Should I delay buying an annuity?
When you retire, one of the options available to you is to buy an annuity, which means trading your pension pot for an insurance policy that pays you an income for life. Some people delay buying an annuity in the hope that they will get a better annuity rate and more money for their retirement.
However, new pension freedoms mean that you can now consider alternatives to buying an annuity for the first time. Depending on your circumstances, this could be the most productive use of your pension pot.
Annuities remain the most popular form of retirement income today, and we expect they will remain so for the foreseeable future. For more information on how annuities work and the different types of annuity, read our guide to annuities here.
Rise of the DIY retirement
Because annuity rates have stagnated in recent years, and because they aren't always compatible with Inheritance Tax planning, there were calls for change. This change came in the form of 'pension freedom' legislation enacted on 6 April 2015. Once you reach the age of 55, you can now decide for yourself how you access the money in your pension pot, and take an income from it.
An annuity can still provide a reliable income to you for the rest of your life or until the end of the term of the annuity. But for some, the 'DIY pension,' handled carefully, is making their golden years a more comfortable prospect than they imagined possible.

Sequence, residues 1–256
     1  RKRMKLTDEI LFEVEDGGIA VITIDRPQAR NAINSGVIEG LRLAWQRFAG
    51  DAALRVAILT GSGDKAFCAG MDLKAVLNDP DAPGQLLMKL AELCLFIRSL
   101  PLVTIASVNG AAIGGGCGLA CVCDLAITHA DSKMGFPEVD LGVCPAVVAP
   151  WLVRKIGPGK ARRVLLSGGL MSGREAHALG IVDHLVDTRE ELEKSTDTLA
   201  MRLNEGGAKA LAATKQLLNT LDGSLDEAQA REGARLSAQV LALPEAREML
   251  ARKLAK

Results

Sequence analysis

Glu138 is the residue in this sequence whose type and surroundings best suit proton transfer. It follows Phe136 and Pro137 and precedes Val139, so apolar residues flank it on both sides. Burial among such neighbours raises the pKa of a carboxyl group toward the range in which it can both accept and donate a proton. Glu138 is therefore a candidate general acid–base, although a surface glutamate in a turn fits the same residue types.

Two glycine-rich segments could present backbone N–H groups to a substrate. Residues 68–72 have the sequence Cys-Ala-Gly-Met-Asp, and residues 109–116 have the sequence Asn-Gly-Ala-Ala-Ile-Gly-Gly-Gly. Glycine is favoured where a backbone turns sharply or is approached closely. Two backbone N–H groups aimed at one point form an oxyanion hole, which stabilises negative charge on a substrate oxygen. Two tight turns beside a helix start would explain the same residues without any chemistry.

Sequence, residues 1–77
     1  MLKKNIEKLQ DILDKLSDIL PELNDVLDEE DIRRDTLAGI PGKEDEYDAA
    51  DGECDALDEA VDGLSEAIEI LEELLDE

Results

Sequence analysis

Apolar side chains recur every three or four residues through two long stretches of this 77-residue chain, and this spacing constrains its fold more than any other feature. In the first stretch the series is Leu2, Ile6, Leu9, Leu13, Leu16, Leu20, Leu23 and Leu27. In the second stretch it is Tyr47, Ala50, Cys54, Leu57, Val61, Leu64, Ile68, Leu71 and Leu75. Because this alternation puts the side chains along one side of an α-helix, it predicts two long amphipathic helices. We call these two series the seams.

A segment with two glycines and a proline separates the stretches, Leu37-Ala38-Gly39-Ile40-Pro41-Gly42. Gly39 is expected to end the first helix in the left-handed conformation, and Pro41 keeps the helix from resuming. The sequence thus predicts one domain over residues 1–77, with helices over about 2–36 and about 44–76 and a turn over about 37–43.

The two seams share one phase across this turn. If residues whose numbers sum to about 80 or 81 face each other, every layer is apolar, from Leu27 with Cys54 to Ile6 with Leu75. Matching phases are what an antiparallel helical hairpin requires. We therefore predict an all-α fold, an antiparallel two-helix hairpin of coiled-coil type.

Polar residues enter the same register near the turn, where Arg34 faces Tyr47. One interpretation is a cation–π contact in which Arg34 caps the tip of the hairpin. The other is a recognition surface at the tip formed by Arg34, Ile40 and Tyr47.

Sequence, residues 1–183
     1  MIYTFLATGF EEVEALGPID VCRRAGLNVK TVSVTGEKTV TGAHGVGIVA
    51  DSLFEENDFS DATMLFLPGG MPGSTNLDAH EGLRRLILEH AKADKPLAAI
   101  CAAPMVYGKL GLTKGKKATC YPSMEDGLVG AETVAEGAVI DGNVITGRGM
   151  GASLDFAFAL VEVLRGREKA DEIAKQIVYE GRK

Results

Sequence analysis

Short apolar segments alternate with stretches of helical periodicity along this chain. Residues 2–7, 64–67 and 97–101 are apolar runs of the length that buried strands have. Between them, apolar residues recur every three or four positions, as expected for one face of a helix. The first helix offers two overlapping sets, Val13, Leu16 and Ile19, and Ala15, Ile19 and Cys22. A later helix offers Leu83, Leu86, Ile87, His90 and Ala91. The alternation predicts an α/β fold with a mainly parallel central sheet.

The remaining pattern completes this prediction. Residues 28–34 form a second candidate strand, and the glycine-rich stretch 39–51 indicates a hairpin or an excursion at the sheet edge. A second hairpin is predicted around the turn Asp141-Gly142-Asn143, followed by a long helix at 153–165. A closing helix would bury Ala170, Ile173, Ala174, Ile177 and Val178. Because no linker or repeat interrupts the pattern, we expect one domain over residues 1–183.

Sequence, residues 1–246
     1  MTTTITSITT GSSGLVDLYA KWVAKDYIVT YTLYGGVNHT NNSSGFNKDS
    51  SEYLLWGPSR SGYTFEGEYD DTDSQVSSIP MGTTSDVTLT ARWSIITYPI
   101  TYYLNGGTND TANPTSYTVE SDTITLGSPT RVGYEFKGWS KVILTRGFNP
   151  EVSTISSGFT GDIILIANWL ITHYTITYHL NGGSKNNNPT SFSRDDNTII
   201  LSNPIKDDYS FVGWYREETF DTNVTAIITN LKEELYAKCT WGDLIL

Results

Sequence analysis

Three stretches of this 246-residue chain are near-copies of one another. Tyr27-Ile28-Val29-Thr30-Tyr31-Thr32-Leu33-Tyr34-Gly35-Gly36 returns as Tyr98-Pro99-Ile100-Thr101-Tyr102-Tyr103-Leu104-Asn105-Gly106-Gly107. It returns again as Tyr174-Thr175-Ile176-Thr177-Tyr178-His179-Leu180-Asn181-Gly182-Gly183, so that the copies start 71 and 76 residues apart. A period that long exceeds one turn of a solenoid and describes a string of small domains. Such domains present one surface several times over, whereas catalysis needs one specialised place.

If you are now having second thoughts about whether or not to buy an annuity, try reading our guide to the new world of pension freedom, alternatives to an annuity. If any of these options appeal to you, then you could consider delaying your annuity purchase, if only until you have had the chance to talk to a financial adviser.
Why not just wait for better annuity rates?
The annuity market is difficult to predict. Delaying your annuity purchase could give you access to better rates later on, but annuity rates could also fall further. You may have to settle for less if you wait, so there are risks whether you choose to wait or not.
Following 'pension freedom' it is still unclear which direction annuities rates will take. Fewer people buying annuities could mean that rates go down, if providers find their margins squeezed. On the other hand, providers could put rates up in order to make their products more attractive to people who now have more choice.
The best annuity rate for your circumstances
If you suffer from poor health or make certain lifestyle choices, for example if you have a serious illness or are a heavy smoker, you may be able to get an impaired or enhanced annuity, which could significantly improve the level of income that you receive.
Remember that you don't have to buy the annuity offered to you by your pension provider; shopping around could help you to find a better rate.
If you are considering delaying your annuity purchase, you may want to speak to a financial adviser to find out all of your options and how it could impact or improve on your retirement income.
You could also try using a financial planning tool such as Moneyhub to model the possible effects of delaying your annuity purchase on the total income you might receive in retirement.
Last updated: 27 May 2015